Mr. Joe Kinan was not supposed to be at the Station nightclub in Warwick, Rhode Island, on the night of February 20, 2003. Normally he was working one of his three jobs, but when one of his friends had an extra ticket to a local concert at the venue, he happily agreed and rearranged his schedule to attend. Joe’s life changed forever on that night.
Within seconds of the band’s opening song, the pyrotechnics display caught fire to the insulating foam of the building’s ceiling and walls. The building erupted into flames and filled with toxic smoke while the over 400 attendees rushed to escape the overcrowded nightclub. A hundred people lost their lives, including Joe’s friend, making it the second deadliest nightclub fire in the history of New England. Another 230 people were injured, Joe the most severely. He sustained third and fourth degree burns over 40% of his body on his head, face, and arms, the areas most exposed after he fell while trying to escape. After the fire was extinguished, emergency personnel rushed in and found Joe still conscious, signaling with his arms and calling for help.
He spent 6 months in Massachusetts General Hospital (Mass General) undergoing treatment and another 6 months in a rehabilitation facility. As a result of his injuries, he lost all fingers, both ears, and his sight in one eye and endured over 150 surgeries and procedures. Nearly 8 years after his injury, while still under the care of the team at Mass General, Joe was referred to Dr. Curtis Cetrulo, who introduced him to the possibility of receiving a hand transplant. Previously, Joe had been hesitant to adopt a myoelectric prosthetic device due to the need to remove the device to do regular tasks like showering or washing his car. However, Joe was interested in a real hand that would become a part of him and help him gain back some independence. After a year of testing and evaluations to determine his candidacy for a hand transplant, Joe was listed and the wait for a donor began in fall 2012. His doctors advised him not to travel more than 2 hours away from Boston because a donor could come at any time.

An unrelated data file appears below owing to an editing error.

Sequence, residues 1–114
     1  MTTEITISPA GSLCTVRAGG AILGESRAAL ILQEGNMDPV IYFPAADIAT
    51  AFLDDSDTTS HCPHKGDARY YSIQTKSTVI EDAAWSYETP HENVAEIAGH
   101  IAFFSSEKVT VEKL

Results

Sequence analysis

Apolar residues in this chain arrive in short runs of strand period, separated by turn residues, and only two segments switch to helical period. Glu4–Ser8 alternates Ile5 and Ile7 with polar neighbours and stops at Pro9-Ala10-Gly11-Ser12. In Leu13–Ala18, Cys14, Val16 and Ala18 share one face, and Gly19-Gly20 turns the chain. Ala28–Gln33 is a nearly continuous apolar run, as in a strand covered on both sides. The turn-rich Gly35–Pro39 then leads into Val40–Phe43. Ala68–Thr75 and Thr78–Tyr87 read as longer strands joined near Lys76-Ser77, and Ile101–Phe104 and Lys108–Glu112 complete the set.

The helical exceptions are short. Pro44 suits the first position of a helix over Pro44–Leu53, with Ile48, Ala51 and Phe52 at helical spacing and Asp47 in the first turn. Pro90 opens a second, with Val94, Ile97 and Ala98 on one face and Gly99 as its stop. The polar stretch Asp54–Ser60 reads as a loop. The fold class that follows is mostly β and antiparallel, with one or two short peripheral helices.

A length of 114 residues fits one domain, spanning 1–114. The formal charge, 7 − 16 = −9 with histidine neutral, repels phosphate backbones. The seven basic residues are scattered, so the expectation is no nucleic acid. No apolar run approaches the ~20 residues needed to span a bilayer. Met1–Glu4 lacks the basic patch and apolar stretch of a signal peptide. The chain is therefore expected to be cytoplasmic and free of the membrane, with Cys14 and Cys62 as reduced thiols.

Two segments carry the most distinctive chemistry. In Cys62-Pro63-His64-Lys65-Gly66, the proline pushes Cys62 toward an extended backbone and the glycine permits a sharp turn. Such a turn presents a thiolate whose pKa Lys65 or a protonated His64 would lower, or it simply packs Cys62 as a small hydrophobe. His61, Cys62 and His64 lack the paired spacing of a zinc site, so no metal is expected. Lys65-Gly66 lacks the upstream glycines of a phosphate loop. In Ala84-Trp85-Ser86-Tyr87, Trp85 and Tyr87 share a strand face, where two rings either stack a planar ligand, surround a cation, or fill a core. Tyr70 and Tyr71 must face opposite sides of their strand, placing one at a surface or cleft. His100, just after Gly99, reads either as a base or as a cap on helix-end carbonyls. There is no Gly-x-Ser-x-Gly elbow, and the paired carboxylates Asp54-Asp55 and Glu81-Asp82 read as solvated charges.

Just 6 weeks later, Joe returned to his future in-laws’ house to hear that he had missed several phone calls from a doctor in Boston. Joe called Dr. Cetrulo back and immediately was asked, “Where are you?” to which Joe responded with a cautious “Why?” Dr. Cetrulo informed him that he had a hand waiting for him. “I guess you need to know I’m in Seattle,” Joe replied. He had ignored his doctor’s orders to stay local in order to pull off a surprise engagement to his now wife, Carrie. With time ticking, they had to make their way back across the country. Not surprisingly, their story of, “I need to get back to Boston for my hand transplant,” was met with skepticism from the airline ticket agents.
Back in Boston at Mass General, a team of 20 surgeons and nurses completed the 17-hour procedure to transplant the donor hand onto Joe’s left arm. Following the transplant, Joe began intensive therapy, two sessions a day, 5 days a week for 6 months. One of the most exciting moments after the transplant was when he was able to hold the coffee pot to pour his own cup of coffee for the first time independently. He is now able to enjoy holding hands with his wife, cooking for family and friends, and playing with his youngest daughter.
There have been challenges to overcome following his transplant. Joe has suffered episodes of rejection, each requiring hospitalization. The intensive medication regimen of immunosupressants, pain medication, and steroids were overwhelming at first and left Joe feeling sick and without an appetite. It took months of careful adjustment to his medications to get his immunosuppression to manageable levels; but still, Joe’s biggest wish for the field is to find ways to reduce the medication burden on patients. In his own words, “I would love to be able to get off the medicine. Having my immune system shut down this much is nerve wracking.” Joe is also passionate about genetic screening for potential candidates, which may identify genetic conditions that could impact patient decision-making and patient care. In his own words, “I’m glad this funding exists to let me be in the position I’m in now to get some of my independence back and have a hand for holding my daughter’s.”
Last updated Tuesday, May 25, 2021